Keeping Cool With Green Infrastructure
We’re officially into summer here in Washington, DC with temperatures consistently hitting the 90s (and even the 100s!). Particularly in urban areas, the large number of hard surfaces like parking lots and rooftops can be 50-90°F hotter than the surrounding air, causing higher temperatures compared to more rural areas. This is often referred to as the urban heat island effect which can considerably amplify the impact of heat waves.
Exacerbated by droughts and more extreme weather events, like the recent storm that knocked out power for most of the region, this extreme heat isn’t just unpleasant. It can be also be a significant public health hazard, causing more deaths in the U.S. than floods, lightning, tornadoes, earthquakes, and hurricanes combined. Sensitive populations like the elderly, children, and people with limited access to transportation and air conditioning are particularly vulnerable.
Fortunately, even small decreases in temperature can have significant benefits to public health. In our latest white paper, we explore how green infrastructure practices can mitigate the urban heat island effect and provide a number of other public health benefits.
Growing Green: How Green Infrastructure Can Improve Livability and Public Health [PDF] provides a compendium of potential benefits that green infrastructure provides to improve community health and livability. From rain gardens to green roofs, green infrastructure practices decrease pollutant loadings into waters, which can reduce illness from recreational contact or polluted drinking water. Green infrastructure solutions can also improve air quality and mitigate the urban heat island effect to lower heat stress related fatalities.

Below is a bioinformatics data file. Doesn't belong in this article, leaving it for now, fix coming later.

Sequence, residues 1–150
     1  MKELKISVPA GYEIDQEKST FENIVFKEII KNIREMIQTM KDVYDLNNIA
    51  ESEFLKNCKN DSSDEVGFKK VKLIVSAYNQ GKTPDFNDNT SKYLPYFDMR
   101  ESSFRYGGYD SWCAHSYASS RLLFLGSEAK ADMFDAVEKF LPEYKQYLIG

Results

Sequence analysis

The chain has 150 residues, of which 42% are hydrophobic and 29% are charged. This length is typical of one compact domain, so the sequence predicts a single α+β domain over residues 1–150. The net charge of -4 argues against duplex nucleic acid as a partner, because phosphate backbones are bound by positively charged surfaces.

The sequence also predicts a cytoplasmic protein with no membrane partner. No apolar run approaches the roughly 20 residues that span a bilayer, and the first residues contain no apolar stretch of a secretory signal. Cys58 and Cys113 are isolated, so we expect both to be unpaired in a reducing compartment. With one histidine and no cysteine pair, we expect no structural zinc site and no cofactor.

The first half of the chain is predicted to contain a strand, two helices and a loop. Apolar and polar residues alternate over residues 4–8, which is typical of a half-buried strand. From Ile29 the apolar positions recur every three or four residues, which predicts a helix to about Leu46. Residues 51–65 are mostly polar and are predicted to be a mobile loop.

By increasing the amount of green space, from parks to green roofs, these stormwater management practices can reduce potential crime by alleviating conditions that lead to aggressive and violent behavior and increasing implied and actual surveillance. Green infrastructure can also mitigate localized flooding.
These practices improve access to healthy and affordable food when combined with urban agriculture strategies and to green space for recreation.
- Read the entire report here [PDF]